Japan Radiation Risks: FAQ

Answers to questions about health risks posed by Japan's damaged Fukushimi Daiichi nuclear power plant.

From the WebMD Archives

The situation at Japan's earthquake/tsunami-damaged nuclear power plant continues to keep radiation in the news.

Though the most obvious risks are in Japan, people in the U.S. and other countries have also voiced concern about the possible effects of radiation from the Fukushima Daiichi plant.

What are the risks from the radiation that already has been released -- and from the radiation that could be released if containment efforts fail?

Here are the answers to the following questions:

How dangerous is the radiation from the damaged Japanese nuclear reactors?

The effects almost certainly will not go far beyond the borders of Japan. For now, the chief radiation danger is to plant workers desperately trying to mitigate the disaster.

Some of the workers trying to prevent a meltdown have already suffered radiation sickness and injury from explosions related to hydrogen buildup outside the reactor core.

"The scariest outcome from such releases of radiation are the immediate effects, which are going to be only felt by personnel who have to go into the building and shut it down," radiation biologist Jacqueline P. Williams, PhD, tells WebMD. Williams is a researcher in the department of radiation oncology at the University of Rochester, N.Y.

After the Fukushima Daiichi plant disaster started, radiation levels in Tokyo were reported to be 20 times above normal but still not in the danger zone. A no-fly zone was imposed for an 18-mile radius around the nuclear plant.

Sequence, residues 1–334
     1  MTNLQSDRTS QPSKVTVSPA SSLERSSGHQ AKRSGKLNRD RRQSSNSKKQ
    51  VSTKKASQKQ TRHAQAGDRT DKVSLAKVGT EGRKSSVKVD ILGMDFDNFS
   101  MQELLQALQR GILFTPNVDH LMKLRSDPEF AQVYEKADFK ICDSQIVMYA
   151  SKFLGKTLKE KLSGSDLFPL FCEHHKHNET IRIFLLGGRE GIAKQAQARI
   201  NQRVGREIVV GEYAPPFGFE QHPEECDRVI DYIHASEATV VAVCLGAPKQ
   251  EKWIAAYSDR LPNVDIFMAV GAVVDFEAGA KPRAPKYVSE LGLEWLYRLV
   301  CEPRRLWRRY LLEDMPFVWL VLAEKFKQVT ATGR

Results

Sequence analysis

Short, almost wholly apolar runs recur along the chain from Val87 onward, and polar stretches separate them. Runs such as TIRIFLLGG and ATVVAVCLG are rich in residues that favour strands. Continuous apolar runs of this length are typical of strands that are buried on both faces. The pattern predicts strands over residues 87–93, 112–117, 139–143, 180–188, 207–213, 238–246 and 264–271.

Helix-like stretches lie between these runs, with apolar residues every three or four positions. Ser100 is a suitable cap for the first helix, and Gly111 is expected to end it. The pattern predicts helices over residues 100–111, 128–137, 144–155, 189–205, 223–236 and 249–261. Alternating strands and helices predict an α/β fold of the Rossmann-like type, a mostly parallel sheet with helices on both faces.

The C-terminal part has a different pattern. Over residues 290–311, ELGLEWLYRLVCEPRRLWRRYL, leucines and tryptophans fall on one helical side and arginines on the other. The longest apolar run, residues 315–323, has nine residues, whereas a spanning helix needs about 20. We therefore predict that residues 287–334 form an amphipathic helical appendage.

Officials in Japan have warned that babies in and around Tokyo should not be given tap water, which has been found to contain levels of radioactive iodine at twice the upper limit recommended for babies, according to media reports.

Japan has also banned the sale of raw milk, spinach, and certain other vegetables from several areas of Japan.

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On April 11, a month after the disaster, Japan raised the radiation alert status to its highest level, level 7 -- the same as the Chernobyl plant meltdown in Russia. It had previously been at level 5. What does this new status mean?

The reclassification doesn’t mean that the situation has gotten worse, says Henry Royal, MD, professor of radiology and associate director of the Mallinckrodt Institute of Radiology at Washington University in St. Louis. Rather, it’s acknowledging that the scope of the radiation leaked from the plant was larger than originally thought.

“The reason that the accident was reclassified was because it’s now obvious that the radioactive material has escaped the plant, particularly into the ocean. That’s why it’s been classified a level 7 as opposed to a level 5.”

An assessment released by the U.S. Department of Energy on April 7 found that beyond a 25-mile radius surrounding the plant, radiation levels were consistently below those that would require people to be evacuated. Since March 19, the report says, radiation levels have continued to decline. "The headlines are making it sound like something has gotten worse, but when you look at where people are living, the situation is getting better,” Royal says.

Nonetheless, the new classification does mean that it’s more likely that there will be environmental and health consequences for Japan from this event.

“It indicates that there is more radioactive material being dispersed over a wider, broader geographic area,” says Scott Davis, professor and chair of the epidemiology department in the School of Public Health at the University of Washington and a member of Fred Hutchinson Cancer Research Center’s Radiation and Environmental Exposure Studies group.